The increase in auto traffic on this back road due to all the small wineries springing up with their wine tasting rooms must be putting a dent in the tarantula population. We did not see too many squashed fuzzy bodies and the cars and trucks that passed when we were chasing spiders all seemed to be reasonably courteous and steered to avoid unnecessary death. Still, Foxen Canyon Road could use some tarantula crossing signs to encourage people to continue being courteous.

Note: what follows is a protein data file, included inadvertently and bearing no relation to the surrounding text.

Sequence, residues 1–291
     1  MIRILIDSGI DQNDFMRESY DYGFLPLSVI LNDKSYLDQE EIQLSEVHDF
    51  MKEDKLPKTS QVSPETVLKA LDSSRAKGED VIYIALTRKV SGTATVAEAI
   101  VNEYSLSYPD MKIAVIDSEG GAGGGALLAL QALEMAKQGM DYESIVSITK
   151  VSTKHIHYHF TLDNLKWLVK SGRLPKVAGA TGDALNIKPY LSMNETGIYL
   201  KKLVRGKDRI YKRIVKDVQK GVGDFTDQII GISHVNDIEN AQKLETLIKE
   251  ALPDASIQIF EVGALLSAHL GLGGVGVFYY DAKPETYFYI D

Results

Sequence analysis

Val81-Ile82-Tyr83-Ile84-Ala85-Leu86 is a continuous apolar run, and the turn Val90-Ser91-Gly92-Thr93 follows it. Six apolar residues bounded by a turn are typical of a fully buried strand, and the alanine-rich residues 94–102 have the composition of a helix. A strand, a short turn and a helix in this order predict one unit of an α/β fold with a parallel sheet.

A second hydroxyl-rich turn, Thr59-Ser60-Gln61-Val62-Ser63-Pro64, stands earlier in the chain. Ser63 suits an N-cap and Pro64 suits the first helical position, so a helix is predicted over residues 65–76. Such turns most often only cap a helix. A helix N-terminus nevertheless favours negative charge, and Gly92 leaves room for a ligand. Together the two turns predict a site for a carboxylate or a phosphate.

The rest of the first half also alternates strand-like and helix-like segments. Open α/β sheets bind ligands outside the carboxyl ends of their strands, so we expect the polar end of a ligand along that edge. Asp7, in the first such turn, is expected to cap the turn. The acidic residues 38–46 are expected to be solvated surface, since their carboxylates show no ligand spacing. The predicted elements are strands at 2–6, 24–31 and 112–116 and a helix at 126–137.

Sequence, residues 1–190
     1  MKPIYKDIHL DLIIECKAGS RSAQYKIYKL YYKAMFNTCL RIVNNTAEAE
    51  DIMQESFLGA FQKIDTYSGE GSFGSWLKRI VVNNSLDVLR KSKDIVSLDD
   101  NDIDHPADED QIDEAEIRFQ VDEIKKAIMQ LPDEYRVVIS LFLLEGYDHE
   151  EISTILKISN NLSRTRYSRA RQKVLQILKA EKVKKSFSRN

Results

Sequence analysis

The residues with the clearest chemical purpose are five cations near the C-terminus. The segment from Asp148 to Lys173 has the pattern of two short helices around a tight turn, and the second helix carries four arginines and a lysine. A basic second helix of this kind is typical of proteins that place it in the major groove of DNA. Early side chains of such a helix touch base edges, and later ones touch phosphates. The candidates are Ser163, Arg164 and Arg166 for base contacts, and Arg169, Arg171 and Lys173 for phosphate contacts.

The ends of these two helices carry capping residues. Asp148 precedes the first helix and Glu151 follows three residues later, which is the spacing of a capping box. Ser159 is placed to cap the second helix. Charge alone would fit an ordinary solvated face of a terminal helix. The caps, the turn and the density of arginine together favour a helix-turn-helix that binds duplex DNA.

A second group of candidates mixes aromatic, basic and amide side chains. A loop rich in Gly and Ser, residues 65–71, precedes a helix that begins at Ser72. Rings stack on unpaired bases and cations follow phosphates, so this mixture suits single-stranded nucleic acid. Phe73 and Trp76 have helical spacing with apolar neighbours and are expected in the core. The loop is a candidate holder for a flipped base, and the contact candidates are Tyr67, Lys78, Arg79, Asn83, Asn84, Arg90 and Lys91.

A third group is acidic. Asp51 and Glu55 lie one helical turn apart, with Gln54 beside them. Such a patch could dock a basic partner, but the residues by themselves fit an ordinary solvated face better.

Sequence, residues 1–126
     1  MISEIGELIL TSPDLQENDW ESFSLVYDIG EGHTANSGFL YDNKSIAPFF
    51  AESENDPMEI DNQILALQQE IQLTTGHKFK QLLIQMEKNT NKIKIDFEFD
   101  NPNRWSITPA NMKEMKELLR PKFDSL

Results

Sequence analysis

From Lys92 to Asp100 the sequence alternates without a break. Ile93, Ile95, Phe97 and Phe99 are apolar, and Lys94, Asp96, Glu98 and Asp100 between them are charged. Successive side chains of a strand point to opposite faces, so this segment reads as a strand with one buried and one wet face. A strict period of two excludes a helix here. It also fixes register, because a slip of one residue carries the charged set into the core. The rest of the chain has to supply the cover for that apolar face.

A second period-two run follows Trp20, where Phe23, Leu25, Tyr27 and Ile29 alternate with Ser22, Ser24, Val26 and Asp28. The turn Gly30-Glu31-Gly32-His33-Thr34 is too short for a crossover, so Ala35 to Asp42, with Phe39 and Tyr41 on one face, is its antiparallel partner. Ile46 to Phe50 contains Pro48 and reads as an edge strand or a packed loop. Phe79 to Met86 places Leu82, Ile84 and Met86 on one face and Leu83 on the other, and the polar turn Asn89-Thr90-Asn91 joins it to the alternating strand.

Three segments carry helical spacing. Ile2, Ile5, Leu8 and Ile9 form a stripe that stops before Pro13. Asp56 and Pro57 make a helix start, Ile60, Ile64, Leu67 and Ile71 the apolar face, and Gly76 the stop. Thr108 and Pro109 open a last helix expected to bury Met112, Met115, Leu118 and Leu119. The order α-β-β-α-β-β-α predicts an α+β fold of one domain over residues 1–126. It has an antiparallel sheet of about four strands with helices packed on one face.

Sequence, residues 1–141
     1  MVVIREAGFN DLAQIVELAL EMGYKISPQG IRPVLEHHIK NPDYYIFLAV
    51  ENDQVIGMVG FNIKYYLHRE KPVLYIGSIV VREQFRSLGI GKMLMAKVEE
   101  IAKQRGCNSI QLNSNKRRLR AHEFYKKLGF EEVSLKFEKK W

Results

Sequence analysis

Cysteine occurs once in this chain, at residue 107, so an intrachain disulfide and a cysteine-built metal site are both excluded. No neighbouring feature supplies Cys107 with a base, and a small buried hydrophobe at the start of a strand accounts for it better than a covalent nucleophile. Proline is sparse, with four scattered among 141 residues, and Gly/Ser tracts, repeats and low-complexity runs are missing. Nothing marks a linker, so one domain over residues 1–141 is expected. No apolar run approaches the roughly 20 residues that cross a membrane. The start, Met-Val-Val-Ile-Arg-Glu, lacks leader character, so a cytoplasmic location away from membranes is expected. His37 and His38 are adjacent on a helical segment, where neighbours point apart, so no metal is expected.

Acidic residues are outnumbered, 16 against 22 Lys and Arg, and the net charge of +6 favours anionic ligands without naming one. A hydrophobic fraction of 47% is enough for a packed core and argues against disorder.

If you want to seek out a first hand big spider encounter now is the season. I don't suggest handling the tarantulas. I understand they are not very dangerous for their bite, but some folks could have a deadly allergic reaction to the venom. In addition their bite is rather painful, and some have special "hairs" (they really don't have hair quite like you and me) that can be really irritating to your skin and eyes. It's even worse if you inhale them. So, keep a little distance and encourage them off the road with a blade of grass. I did lift two off the road with a reasonably thick well branched twig. Again, if you try this, keep it really close to the ground. They are heavy enough to be mashed a bit by falling too far.